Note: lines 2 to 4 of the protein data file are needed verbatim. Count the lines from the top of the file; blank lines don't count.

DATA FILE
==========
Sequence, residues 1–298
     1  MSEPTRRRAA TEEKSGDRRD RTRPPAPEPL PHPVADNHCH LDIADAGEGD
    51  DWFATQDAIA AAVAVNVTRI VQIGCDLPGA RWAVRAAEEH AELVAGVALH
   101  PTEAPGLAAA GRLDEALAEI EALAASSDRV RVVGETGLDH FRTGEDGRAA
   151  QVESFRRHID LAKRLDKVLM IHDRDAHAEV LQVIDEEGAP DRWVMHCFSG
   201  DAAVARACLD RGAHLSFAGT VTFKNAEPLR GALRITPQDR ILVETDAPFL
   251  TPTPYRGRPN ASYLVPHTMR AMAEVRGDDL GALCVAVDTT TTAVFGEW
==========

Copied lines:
     1  MSEPTRRRAA TEEKSGDRRD RTRPPAPEPL PHPVADNHCH LDIADAGEGD
    51  DWFATQDAIA AAVAVNVTRI VQIGCDLPGA RWAVRAAEEH AELVAGVALH
   101  PTEAPGLAAA GRLDEALAEI EALAASSDRV RVVGETGLDH FRTGEDGRAA